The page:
Judge will hear Prop. D arguments Friday
By Kelly Wheeler
City News Service
Saying he didn’t see the need for a temporary restraining order, a San Diego judge on Wednesday scheduled oral arguments Friday in a lawsuit aimed at keeping a proposed half-cent sales tax off the November ballot.
The attorney for anti-tax activists Richard Rider and Stephen Cicero told Superior Court Judge David Oberholtzer that the TRO was needed to keep Proposition D off the ballot, until its constitutionality is decided.
Assistant City Attorney Don Worley said the plaintiffs made no showing that the tax measure should be kept off the ballot.
The judge said he would decide the matter on Friday, a week before the Sept. 3 deadline for such a ruling.
The proposed tax hike, placed on the ballot by the City Council, would raise an estimated $103 million a year for the city, which is projected to have a $72 million budget shortfall during the next fiscal year.
The proposition calls for the tax hike once 10 so-called “reform” measures are implemented, some concerning the city’s retirement system.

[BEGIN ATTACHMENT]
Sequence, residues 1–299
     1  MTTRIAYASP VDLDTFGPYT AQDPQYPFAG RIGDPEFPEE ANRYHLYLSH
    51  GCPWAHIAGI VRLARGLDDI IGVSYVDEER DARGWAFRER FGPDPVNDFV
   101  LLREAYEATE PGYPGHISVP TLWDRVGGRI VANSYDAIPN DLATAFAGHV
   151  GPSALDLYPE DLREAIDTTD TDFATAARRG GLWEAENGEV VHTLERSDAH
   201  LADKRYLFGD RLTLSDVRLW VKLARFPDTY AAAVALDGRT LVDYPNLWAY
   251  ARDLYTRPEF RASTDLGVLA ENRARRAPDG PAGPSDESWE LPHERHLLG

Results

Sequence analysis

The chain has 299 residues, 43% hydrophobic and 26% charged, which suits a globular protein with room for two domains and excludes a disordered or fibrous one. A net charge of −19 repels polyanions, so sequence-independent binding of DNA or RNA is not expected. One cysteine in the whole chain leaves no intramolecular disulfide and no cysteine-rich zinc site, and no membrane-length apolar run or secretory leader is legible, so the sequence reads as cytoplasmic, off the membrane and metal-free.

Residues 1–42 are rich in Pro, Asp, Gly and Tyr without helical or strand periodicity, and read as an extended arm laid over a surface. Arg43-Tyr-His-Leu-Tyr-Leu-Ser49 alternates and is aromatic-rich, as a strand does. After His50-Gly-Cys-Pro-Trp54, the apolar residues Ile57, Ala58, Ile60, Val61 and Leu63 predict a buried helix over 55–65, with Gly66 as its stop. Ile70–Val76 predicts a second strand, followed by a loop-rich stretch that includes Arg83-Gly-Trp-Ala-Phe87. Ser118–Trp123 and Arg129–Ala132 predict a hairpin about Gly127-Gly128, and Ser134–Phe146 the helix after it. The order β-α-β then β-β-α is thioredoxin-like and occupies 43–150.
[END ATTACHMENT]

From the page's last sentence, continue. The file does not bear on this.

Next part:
Oberholtzer said he didn’t think the voters were being asked to decide anything administrative. He said there was nothing false about the ballot statement.
He said he wasn’t sure if the ballot statement was misleading and wondered if voters would be skeptical about where the sales tax revenue would go.
“I think that the judge needs some convincing in some other areas, but I think that the judge is showing that he has an open mind, and that he’s interested and involved in the case, and I think that’s all we need to win,” said Edward Teyssier, the lead attorney for the plaintiffs.
The ballot title includes the phrase “essential services,’” which would make voters believe the tax hike will pay for police and fire protection, when the revenue would go to the city’s general fund, said Rider, president of San Diego Tax Fighters.
Rider said Proposition D needs a simple majority to pass on Nov. 2 because it is a general tax. If the revenue was going toward “special uses,” it would need a two-thirds margin to pass.
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